I saw this at the grocery store checkout line the other day:
And all I could think was "you answered your own question. HE happened to this party."
All the insanity, all the facts-optional, post-reason nonsense of today's Republican Party begins with Ronald Reagan.
He's the one who told people that math and logic and common sense be damned, you could cut taxes, increase military spending, and balance the budget. Did it make sense? No. Did it work? Not even close. Do they still believe it? They sure seem to. And they seem to believe it not because they really think it to be true, but because they really would like it to be true. The disdain for basic facts, information and knowledge is the baby birthed by Ronald Reagan.
As is the demonizing of the weak and powerless as the true source of the nation's ills. Now it's Muslims and Latino immigrants, in the 1980's it was the "welfare queen." The myth of the "queen" who pulled up to the welfare office in her Cadillac and that of the "young buck" buying steak on the taxpayers' dime were powerful images that Reagan used to vilify the poor. How different is today's image of the Muslim "radical jihadists" or the Mexican "rapists" swarming across our defenseless borders? Both are equally cynical attempts to point at the most vulnerable segments of society and shout "It's all their fault!"
Anyone who was alive in the 1980's should recognize this. Apparently, Time magazine reporter Peter Wehner must not have been around back then.
The Party of Reagan Is No More
Once known for common sense, the GOP gives way to Donald TrumpWith the death on March 6 of a dignified First Lady. . .
Pictured: The most dignified way of mocking poor people
Once know for common sense? Not since Ike left the White House!
. . . both Ronald and Nancy Reagan have now passed into history. Increasingly, it appears, the same can be said of the party they took such care in shaping.
The most obvious evidence of this is the rise of Donald Trump, a man who is the antithesis of so much that Ronald Reagan stood for: intellectual depth and philosophical consistency, respect for ideas and elevated rhetoric, civility and personal grace. The fact that Trump is the favorite to win the Republican presidential nomination shows how far the GOP has drifted from the animating spirit of the most consequential and revered Republican since Abraham Lincoln.
I'm sorry. Remind me again which of us is on Mount Rushmore?
For those of us open to such self-examination–to understanding what conditions gave rise to Trump and Trumpism–the explanation starts with certain harmful habits. These include employing apocalyptic rhetoric, like the assertion that America is on the verge of becoming Nazi Germany. Such reckless language is evidence of fevered and disordered minds and paves the way for Trump’s incendiary rhetoric.
Yes, sensible Republicans have always warned that we were on the verge of becoming Soviet Russia! Totally different!
There’s another explanation as well–political and intellectual sclerosis, by which I mean the failure to apply enduring principles to changing circumstances. This is something that Reagan did quite well. He developed a policy agenda–on taxes, monetary policy and regulations–that addressed the problems of his era, including high inflation, high interest rates and high unemployment.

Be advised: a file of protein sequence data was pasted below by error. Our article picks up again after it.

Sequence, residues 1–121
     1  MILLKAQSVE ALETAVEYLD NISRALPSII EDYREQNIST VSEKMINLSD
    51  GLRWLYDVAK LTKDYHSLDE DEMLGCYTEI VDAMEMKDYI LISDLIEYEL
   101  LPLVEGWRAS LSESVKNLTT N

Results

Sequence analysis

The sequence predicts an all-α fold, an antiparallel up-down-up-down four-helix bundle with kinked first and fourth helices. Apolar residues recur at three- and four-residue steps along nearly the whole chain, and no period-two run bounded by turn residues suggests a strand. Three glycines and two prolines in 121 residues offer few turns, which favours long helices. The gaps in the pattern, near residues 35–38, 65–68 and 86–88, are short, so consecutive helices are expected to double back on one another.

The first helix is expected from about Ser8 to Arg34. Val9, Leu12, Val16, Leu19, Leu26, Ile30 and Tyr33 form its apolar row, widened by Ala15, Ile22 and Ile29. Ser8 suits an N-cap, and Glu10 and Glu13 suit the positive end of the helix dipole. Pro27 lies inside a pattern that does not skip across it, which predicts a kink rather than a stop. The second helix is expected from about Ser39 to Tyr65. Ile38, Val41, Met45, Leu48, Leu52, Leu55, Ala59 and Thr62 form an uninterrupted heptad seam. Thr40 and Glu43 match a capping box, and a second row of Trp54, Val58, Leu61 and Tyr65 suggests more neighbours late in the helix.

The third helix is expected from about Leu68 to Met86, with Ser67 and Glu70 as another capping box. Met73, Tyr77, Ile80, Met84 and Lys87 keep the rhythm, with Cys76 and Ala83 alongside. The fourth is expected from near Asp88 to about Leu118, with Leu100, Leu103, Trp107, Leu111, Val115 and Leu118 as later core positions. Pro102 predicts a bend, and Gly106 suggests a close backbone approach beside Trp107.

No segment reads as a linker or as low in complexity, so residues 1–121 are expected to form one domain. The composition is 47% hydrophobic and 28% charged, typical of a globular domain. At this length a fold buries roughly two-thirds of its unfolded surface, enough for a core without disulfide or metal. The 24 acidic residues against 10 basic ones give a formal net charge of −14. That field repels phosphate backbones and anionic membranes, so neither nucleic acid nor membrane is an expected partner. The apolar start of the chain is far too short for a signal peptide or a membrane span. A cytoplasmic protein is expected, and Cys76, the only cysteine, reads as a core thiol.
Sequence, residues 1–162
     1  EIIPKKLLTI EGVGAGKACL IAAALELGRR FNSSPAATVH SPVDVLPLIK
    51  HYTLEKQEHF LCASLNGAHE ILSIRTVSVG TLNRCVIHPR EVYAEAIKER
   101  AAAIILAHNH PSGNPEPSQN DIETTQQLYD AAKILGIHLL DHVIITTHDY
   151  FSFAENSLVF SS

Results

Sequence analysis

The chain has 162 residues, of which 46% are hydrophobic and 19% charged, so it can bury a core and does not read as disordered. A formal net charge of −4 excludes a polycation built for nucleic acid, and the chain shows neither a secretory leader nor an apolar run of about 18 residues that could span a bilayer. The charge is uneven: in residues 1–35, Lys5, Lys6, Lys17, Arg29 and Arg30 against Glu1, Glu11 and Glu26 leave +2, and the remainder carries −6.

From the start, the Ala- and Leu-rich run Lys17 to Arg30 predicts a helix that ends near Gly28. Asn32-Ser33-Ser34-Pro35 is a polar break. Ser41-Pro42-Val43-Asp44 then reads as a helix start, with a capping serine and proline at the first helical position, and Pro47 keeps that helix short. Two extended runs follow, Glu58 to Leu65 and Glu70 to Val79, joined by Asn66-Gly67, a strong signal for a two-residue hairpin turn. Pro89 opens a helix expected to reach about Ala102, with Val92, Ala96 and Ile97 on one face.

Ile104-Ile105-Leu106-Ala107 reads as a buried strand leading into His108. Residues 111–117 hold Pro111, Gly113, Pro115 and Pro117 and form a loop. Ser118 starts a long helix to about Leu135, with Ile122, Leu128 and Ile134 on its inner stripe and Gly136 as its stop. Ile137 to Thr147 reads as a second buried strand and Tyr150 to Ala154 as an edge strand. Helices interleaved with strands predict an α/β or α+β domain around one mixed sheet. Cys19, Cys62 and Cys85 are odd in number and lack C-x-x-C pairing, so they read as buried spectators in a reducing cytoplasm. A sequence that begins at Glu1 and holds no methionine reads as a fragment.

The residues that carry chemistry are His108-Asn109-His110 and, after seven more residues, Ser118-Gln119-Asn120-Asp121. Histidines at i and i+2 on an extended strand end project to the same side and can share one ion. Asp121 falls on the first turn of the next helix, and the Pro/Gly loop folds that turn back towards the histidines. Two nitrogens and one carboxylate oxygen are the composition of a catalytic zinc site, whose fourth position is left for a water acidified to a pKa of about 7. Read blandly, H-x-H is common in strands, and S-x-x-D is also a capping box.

Reagan's enduring principle on taxes was to cut them. Then raise them. Every year after 1981. Never back to the levels where they needed to be to avoid enormous deficits, but still.
But, sure, on other issues, Reagan stuck doggedly to his principles. Like, for instance, anti-Communism. This admirable stance led him to admirably arm the Mujahidin (better known as the Taliban and al Queda), admirably support the brutal, murderous dictatorship in Guatemala, and admirably sell missles to Iran in order to fund Central American terrorists because they were in opposition to a government deemed too "leftist."
Ronald Reagan’s heirs have been decidedly less skilled at doing so.
One reason for this is that Reagan was so successful.
Successful? Mr. "fiscal responsibility" left us up to our ears in debt. His blood-soaked foreign policy made the world much less stable. How do you define success?
Anyway, let's just skip ahead to the ending.
And just as important, it means recapturing the spirit of Reagan–making our Republican Party a welcoming party once again, inclusive and open, united in its commitment to American ideals, hopeful about the future and attractive to working-class Americans.
Inclusive and open? You really think that under Reagan, the Republican Party was "inclusive and open?" Reagan was so hostile to the LGBT community that he wouldn't lift a finger, spend a dime, or even say a word about the AIDS epidemic. Reagan began his campaign in Mississippi with a speech touting "states' rights," a term well understood in Mississippi and the rest of the old Confederacy as meaning "we can treat our blacks however we want and no damn federal guv'mint is gunna tell us otherwise." As previously mentioned, Reagan often invoked the stereotype of black folks growing fat and lazy on welfare. Do you think African Americans found the GOP particularly "inclusive and open" in the 1980's?
Look, I get it. You're scared of Trump. You're scared that he's going to bring your party down in flames. And he might. But don't pretend that Trump sprung fully formed from the forehead of Rupert Murdoch. He's a direct descendant of your sainted Ronald Reagan. You own this, all of you.